Shoemaker would like to see the format changed so that residents are given three minutes to speak at commission meetings, and if the city wants to follow through on the topic, it would then be on an agenda. “I know why you have to have an agenda, but there’s no reason why people on the commission can’t get input from the general public. I’m pushing now for a change on that. I think that format should be changed.”
The city has spent the last year revising the roles and rules for its various committees and commissions. Councilmember Marsha Vawdrey serves as a liaison between the city and the HPC. “I’ve been encouraging this whole year to look at all our boards and commissions and make sure we’re having consistency, clarifying roles and duties. It was a general overhaul of all the committees. We were trying to help unify, clarify and make consistency for all the boards and committees because all of them were struggling, in their own ways, especially with membership. I could see it and just thought we could do better. It’s been cool to see how many people have applied and been put on boards,” she said.
“You shouldn’t have unelected officials speaking for the city or council, so we’ve revamped our commission rules, making it clear what they’re supposed to do and what they’re not supposed to do,” Walker said.
Regarding historic preservation in the city, Walker said, “There are old homes we want to see stay. We have the cabin (the old Chamber of Commerce building) and I think our commitment to historic preservation is solid. We like our history, but you can’t do everything. I’d like to see us develop a proper museum, a building that showcases the history of Draper, and that’s something the council is interested in. It was just this prison business—we heard all the arguments, but it just wasn’t going to fit in what we were trying to do. My goal has always been to develop that site into the greatest economic opportunity that the state has had in the last 100 years.”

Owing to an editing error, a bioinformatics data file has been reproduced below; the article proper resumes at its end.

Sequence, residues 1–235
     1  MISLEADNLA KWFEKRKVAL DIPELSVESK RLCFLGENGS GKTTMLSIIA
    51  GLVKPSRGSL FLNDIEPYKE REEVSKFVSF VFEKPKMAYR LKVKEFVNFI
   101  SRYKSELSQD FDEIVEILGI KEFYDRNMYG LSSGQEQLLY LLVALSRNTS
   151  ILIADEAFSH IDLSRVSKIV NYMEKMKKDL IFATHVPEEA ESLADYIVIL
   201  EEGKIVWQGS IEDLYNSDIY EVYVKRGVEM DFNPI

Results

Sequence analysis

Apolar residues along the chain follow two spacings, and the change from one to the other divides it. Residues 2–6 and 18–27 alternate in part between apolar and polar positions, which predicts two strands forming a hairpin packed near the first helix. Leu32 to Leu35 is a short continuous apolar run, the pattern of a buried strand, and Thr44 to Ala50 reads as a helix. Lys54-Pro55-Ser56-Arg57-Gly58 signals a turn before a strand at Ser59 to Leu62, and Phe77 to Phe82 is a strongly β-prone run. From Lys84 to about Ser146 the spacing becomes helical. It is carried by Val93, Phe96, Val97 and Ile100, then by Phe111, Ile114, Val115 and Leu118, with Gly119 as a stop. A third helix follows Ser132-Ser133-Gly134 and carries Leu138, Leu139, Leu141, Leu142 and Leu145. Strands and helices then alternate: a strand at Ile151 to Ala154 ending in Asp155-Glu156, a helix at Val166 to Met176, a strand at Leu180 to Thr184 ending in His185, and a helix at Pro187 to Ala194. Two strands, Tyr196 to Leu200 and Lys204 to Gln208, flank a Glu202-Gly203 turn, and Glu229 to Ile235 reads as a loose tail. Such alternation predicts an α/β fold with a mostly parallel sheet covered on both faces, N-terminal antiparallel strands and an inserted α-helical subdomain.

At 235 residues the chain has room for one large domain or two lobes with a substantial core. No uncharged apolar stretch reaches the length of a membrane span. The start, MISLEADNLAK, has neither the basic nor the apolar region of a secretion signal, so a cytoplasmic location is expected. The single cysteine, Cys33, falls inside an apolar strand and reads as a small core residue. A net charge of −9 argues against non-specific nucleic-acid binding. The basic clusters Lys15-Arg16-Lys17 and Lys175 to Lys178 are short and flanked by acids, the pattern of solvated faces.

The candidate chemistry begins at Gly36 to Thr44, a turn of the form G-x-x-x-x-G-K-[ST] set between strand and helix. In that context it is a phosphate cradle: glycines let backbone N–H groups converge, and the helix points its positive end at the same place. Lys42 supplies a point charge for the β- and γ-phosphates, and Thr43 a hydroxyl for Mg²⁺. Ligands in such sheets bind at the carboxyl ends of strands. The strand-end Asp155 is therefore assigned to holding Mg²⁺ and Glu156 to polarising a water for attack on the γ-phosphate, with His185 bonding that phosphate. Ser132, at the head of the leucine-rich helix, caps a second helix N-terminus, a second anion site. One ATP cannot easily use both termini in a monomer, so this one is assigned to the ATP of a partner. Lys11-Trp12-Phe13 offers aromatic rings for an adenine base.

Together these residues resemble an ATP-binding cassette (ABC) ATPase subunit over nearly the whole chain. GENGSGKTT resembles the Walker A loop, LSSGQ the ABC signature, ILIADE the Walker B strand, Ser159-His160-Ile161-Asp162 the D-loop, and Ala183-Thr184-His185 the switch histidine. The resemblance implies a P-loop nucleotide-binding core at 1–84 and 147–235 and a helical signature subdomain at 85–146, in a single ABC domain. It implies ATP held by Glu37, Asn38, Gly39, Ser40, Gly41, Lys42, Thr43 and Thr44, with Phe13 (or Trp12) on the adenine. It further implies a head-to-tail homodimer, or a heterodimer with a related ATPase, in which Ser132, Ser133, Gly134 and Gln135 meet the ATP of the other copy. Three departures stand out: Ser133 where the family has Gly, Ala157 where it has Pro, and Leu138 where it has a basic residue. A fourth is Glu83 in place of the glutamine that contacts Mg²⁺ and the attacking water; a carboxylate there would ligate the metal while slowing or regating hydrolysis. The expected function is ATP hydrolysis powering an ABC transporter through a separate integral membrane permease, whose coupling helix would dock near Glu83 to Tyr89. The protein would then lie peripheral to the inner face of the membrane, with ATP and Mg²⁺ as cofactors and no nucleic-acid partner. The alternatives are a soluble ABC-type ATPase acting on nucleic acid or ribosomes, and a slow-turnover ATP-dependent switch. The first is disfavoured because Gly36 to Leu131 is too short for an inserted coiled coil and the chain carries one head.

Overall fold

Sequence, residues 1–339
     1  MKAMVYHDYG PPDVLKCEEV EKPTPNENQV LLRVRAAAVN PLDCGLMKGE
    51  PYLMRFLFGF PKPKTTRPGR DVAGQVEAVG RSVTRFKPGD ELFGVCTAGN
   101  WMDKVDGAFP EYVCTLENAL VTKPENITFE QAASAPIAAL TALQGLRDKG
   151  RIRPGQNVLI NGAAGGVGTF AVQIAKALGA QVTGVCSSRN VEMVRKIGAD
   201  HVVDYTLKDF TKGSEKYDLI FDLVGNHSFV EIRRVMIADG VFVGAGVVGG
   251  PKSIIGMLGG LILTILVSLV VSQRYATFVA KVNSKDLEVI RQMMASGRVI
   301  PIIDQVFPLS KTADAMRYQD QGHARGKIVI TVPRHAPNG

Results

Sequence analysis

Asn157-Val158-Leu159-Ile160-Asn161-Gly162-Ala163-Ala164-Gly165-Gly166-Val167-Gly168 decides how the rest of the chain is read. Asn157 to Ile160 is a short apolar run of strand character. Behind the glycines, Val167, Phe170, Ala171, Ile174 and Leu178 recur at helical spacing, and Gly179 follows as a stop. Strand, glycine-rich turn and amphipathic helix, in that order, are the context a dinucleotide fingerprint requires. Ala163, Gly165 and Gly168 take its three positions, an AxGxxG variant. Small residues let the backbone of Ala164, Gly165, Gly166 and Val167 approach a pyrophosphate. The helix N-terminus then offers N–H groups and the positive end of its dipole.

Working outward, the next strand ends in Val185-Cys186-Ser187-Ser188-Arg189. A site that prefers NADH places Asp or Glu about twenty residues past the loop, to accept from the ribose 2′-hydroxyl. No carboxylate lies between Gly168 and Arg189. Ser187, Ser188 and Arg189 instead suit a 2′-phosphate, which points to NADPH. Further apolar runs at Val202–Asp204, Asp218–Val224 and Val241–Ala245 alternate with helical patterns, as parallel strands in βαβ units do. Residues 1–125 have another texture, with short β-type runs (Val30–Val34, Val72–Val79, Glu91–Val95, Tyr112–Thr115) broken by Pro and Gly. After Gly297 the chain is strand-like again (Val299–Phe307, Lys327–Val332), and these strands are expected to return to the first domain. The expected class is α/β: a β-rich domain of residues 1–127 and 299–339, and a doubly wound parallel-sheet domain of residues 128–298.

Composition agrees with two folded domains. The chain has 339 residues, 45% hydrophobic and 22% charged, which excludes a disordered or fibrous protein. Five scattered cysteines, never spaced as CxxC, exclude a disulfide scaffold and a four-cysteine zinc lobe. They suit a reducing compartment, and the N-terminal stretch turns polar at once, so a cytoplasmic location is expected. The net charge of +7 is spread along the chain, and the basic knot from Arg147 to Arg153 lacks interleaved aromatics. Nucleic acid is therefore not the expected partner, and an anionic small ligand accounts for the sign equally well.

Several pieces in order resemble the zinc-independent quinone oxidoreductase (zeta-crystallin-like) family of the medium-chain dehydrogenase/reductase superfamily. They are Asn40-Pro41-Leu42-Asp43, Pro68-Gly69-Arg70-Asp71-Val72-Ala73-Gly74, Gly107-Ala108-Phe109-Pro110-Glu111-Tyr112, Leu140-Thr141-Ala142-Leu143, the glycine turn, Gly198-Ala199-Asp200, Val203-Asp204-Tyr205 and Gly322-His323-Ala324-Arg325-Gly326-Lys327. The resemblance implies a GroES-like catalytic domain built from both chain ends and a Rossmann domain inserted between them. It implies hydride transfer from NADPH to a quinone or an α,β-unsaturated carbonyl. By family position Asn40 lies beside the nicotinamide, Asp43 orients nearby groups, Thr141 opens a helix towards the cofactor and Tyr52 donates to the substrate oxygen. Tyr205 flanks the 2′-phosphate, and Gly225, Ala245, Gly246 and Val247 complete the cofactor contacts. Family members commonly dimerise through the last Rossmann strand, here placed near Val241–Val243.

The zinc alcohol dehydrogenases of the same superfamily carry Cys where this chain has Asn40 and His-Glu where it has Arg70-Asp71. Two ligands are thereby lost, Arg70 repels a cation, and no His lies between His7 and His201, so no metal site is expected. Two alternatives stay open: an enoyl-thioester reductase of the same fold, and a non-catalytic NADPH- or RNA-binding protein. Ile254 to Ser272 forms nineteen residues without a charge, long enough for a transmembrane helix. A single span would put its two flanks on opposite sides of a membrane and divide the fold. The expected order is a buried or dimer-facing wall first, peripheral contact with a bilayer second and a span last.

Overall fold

Walker and Shoemaker do agree on something. “The Sugar House prison would have been worth preserving, but it wasn’t,” Walker said. That historic, territorial prison was demolished and is now the location of Sugar House Park.
“I get his passion,” Walker said of Shoemaker.